What is The Best Way to Clean My Skin?

Written by Aneeca Younas
Best Way to Clean My Skin
Q: I have to go to the job daily by train due to which my skin becomes more tan and dull. Also I get some acne scars and freckles. I want to clean my skin. How to clean face without any skin damage?
Expert Answer

Cleaning your skin seems like an easy, effortless task. All you need is a cleansing soap and a splash of water, right? There is more to skin cleansing than what you actually think.

The practice of washing your face may make or break your skin. This is the first step in getting your skin clean. If done properly, your skin will reap a heap of benefits. If done the wrong manner, your skin will suffer breakouts, oil buildup, sensitivity and premature signs of aging.

We will set out the guidelines straight and simple. These 7 cleansing practice rules will guide you how to clean your skin properly, which would help you nail your goal of healthy, glowing and supple skin. You will be surprised at the number of mistakes you are doing. It is time to correct them and follow what beauty experts say.

1. Keep Cleansing Simple

A cleanser should do its job, and that is to strip away excessive oils, dirt and make up. Cleansers are not miracle cures or anything like that. Your job is to find a cleanser formulated for your skin type and gentle on your skin. Anything too light will not do the job, and anything harsh will leave your skin dry and red. A gentle, pH balanced cleanser will take away dirt and make up on your skin but not its natural oils.

2. Obsession is not Necessary

There is no reason for you to wash your skin clean three times a day, or more. Unless prescribed by your dermatologist, limit cleansing your skin to twice a day- once in the morning and once before going to sleep. For an instance you stayed indoors all day and did not apply any make up on, it is perfectly okay to wash it once. Do not be so obsess in washing your face because excessive skin cleansing will only lead to overcompensation of the lost moisture, leading to higher production of oil than the normal. The rule of thumb is cleansing your skin from dirt, excessive oil, make up and sunscreen.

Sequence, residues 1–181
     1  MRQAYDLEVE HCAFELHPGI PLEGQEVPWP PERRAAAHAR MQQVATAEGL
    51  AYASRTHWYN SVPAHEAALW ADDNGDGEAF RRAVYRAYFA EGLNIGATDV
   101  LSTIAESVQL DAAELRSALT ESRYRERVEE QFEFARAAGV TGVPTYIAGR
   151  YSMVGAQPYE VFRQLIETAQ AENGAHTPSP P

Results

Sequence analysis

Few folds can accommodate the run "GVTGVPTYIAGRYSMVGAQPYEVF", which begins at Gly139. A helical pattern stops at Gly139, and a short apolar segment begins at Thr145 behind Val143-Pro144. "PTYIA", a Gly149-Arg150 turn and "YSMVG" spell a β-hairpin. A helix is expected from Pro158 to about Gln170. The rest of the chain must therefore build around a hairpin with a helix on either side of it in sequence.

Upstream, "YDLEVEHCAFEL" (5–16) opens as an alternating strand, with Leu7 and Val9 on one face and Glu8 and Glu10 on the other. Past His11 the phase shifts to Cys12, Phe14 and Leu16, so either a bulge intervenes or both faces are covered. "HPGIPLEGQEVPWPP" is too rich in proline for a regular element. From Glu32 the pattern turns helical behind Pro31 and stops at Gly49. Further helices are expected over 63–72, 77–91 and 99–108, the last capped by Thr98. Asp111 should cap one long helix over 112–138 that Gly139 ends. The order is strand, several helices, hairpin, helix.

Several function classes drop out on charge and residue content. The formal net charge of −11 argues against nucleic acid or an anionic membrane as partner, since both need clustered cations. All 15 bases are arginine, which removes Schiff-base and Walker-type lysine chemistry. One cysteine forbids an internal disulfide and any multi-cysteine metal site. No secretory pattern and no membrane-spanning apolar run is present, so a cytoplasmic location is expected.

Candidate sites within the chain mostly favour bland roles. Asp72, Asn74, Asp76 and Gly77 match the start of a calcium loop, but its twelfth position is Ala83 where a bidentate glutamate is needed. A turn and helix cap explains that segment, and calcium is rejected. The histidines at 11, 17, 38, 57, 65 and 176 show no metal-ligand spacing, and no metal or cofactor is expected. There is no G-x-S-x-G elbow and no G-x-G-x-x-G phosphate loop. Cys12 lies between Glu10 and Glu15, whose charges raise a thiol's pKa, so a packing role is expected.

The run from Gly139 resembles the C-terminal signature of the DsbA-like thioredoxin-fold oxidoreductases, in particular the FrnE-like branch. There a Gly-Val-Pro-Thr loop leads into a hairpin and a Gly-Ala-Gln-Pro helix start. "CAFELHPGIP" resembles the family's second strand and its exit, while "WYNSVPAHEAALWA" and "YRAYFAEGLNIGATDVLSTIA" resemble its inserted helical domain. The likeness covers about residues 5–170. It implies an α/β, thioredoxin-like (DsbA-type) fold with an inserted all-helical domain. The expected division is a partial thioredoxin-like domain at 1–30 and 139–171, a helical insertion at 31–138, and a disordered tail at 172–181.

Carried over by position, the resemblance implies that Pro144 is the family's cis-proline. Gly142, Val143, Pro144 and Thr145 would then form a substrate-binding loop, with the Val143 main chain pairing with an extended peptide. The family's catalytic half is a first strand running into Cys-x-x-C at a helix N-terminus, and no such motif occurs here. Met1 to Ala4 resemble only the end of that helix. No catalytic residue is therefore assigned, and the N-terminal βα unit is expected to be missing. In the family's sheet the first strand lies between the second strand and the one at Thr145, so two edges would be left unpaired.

3. Use Lukewarm or Cold Water

The only difference between using lukewarm or cold water in washing your skin is the sensation. Benefits wise, they do the same thing to the skin. Just steer clear of hot water because it strips the natural moisture of the skin. Plus, there is always a chance of scalding your skin.

4. Less Exfoliation is Good

Exfoliating your skin definitely gives you plenty of benefits. The act of gentle scrubbing your skin increases blood circulation, which improves oxygenation. It also helps remove the dead skin cells piled on your skin that leaves the skin fresh and glowing. However, you have to limit exfoliation to once or twice a week, depending on the needs of your skin. Excessive exfoliation can lead to irritated and very dry skin.

5. Just Pat

Do you rub or wipe your skin dry after you wash it? If you do, you are not doing your skin a favor. Use a clean cloth or soft towel instead to pat your skin dry. This allows a thin film of water to remain on your skin, leaving it quite hydrated. Also, a damp skin allows your moisturizer to maximize its action, sealing the moisture right into the surface of your skin.

6. Alternate Your Cleansing Regimen

Your cleansing regimen should provide what your skin needs. The way you wash your skin during the season should be different on how you cleanse your skin on winter. The weather alters your skin type, so you must cleanse your skin accordingly. During winter, watch out for overwashing and overdrying because everyone’s skin has the tendency to dry out easily. Also, you can use a moisturizing cleanser during the winter season instead of your regular gentle cleanser.

7. Be Vigilant About Your Eyes

The skin around your eyes is sensitive, thin and delicate so handle it gently and carefully. When you wash your face, be extra gentle on your eye area. Harsh washing can damage the skin in the eye area, increasing its chance of premature aging.

Author

Contributor : Aneeca Younas ()

This Article Has Been Published on January 13, 2014 and Last Modified on September 29, 2018

Aneeca Younas is a versatile freelance writer with years of experience in writing content for health and beauty magazines and websites. With a background in journalism, she loves writing blogs and product reviews that provide valuable information to readers. As a passionate gamer, she also enjoys playing games and writing about them. You can connect with her on Linkedin.

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